“It’s been an incredible experience,” Munger told the crowd gathered on the side of his new home on the 2000 block of Osmun. “Everybody did an excellent job — the quality of work, the time that they spent, ya know, just away from their families and their friends and everything, just to help me achieve a dream.”

From left: Artist Tim Yanke, home recipient Michael Munger, CEO and executive director of HFHOC Tim Ruggles

From left: Artist Tim Yanke, home recipient Michael Munger, CEO and executive director of HFHOC Tim Ruggles

The project was done through Habitat for Humanity of Oakland County (HFHOC), the first of three such projects in Madison Heights this year. Including the Munger home, HFHOC has already built or rehabbed seven homes in Madison Heights since 2010. County-wide, the group has 10 builds or rehabs planned this year.

Local artist Tim Yanke, of Park West Gallery, presented one of his “Yankee Doodles,” the third he’s donated to a Habitat dedication. The painting of an American flag featured the words of the National Anthem, and a rainbow-hued border celebrating the diversity of the United States. There was also a tree planted in the backyard — a new touch for a Habitat dedication. Read More →

Download the full article (pdf)

Hour Detroit Magazine: Wall to Wall Art

Park West Gallery and Dearborn’s The Henry team up to decorate a ’boutique’ hotel

HOUR DETROIT MAGAZINE — When the four-star hotel in Dearborn’s Town Center was part of the Ritz-Carlton chain, it had a multipurpose space known as The Gallery. In 2010, the facility changed hands, becoming the Henry Hotel Autograph Collection, and the new owners decided to retain the room’s name.

Then a real gallery moved in.

wall-to-wall-art-7

“When they said, ‘We’d like to put you down here,’ I asked, ‘What’s the Gallery?'” recalls Mike Snodgrass, the curator employed by Southfield’s renowned Park West Gallery to maintain what’s believed to be the largest in-house art collection at any hotel in the world. “They said, ‘That’s a function room! We can’t give you that room!’

“I said, ‘But it’s … the Gallery! … People are going to walk in and ask, ‘Where’s the gallery?’ And they’ll be looking for me over there.”

Eventually, they reached a compromise: The room is still known as “The Gallery,” but now it actually looks like a gallery, replete with gentle track lighting and complementary paintings adorning every wall.

But the Henry’s fine art isn’t confined to one area, or even two… Read More →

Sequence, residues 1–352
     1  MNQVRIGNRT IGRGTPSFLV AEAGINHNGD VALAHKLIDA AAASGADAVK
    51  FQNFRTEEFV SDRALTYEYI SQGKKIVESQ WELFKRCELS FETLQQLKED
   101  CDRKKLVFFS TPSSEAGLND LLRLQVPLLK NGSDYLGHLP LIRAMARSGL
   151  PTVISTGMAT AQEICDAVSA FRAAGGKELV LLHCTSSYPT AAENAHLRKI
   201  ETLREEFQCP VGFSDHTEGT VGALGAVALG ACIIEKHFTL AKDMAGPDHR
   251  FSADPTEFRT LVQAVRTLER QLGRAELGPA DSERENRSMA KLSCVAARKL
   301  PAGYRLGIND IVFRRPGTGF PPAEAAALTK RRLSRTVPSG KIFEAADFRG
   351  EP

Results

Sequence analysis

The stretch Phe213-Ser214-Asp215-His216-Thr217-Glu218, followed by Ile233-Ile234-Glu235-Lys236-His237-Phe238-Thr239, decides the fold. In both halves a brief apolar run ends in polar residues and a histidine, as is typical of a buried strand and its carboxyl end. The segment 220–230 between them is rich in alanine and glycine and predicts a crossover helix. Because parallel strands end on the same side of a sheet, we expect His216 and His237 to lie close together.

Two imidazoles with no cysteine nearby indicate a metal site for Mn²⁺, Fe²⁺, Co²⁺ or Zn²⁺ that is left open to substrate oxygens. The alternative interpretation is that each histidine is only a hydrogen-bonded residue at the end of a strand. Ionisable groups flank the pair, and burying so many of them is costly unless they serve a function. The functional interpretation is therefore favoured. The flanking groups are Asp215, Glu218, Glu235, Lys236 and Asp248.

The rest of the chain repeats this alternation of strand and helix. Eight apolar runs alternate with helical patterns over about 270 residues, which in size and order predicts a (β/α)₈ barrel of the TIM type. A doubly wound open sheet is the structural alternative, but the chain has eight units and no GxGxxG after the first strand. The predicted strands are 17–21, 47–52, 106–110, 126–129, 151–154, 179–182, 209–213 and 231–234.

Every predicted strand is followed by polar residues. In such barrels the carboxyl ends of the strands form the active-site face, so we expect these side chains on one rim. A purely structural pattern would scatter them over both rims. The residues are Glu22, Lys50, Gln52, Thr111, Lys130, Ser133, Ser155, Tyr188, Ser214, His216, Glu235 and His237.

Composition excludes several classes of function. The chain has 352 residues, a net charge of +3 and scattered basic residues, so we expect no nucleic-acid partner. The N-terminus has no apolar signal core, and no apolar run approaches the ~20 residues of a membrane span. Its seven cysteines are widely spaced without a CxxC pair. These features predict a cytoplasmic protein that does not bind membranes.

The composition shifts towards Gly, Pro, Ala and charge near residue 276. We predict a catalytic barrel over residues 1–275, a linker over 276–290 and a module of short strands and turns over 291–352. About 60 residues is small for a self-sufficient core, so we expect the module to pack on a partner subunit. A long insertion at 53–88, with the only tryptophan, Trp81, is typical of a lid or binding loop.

Download the full article (pdf)

Park West Gallery Presents the New Anatole Krasnyansky Book to the Hermitage Museum

Written by Park West Gallery Director Morris Shapiro

krasbook 002I recently had the privilege of presenting a copy of the new Anatole Krasnyansky book to the Hermitage Museum in St. Petersburg, Russia. Nearly 80 Park West collectors accompanied me to this momentous event in July—all part of a special art collector’s cruise hosted by Park West aboard the Celebrity Constellation. The Hermitage’s Head Administrator Svetlana Suprun and Administrator Lidia Komissarova were there to accept the book on behalf of the museum.

Anatole Krasnyansky, a Ukrainian-born American artist, worked at the Hermitage as a young architect. Several illustrations of his projects appear in the new 349-page hardcover book, published by Park West Press. The book chronicles Krasnyansky’s life and artwork, with an introduction written by me and an article by noted art historian, Eleanor Hight, Ph.D. It also includes a fully-referenced catalog raisonné of the artist’s graphic works, spanning over 35 years.

I was honored to write the introduction to the book, and to have it accepted into the library of one of the greatest museums on earth is an amazing privilege and high point of my career. I am so happy for Anatole Krasnyansky, who has worked tirelessly his entire lifetime creating his artwork, and who now has this further accolade added to his impressive accomplishments.

Pictured with Morris Shapiro, Park West Gallery Director (center), are the Hermitage’s Lidia Komissarova, Administrator (left), and Svetlana Suprun, Head Administrator(right), among a group of Park West collectors.

Pictured with Morris Shapiro, Park West Gallery Director (center), are the Hermitage’s Lidia Komissarova, Administrator (left), and Svetlana Suprun, Head Administrator (right), among a group of Park West collectors.

The “Krasnyansky” book is now available for purchase through Park West Gallery and may be ordered by calling 1-800-521-9654 x 4.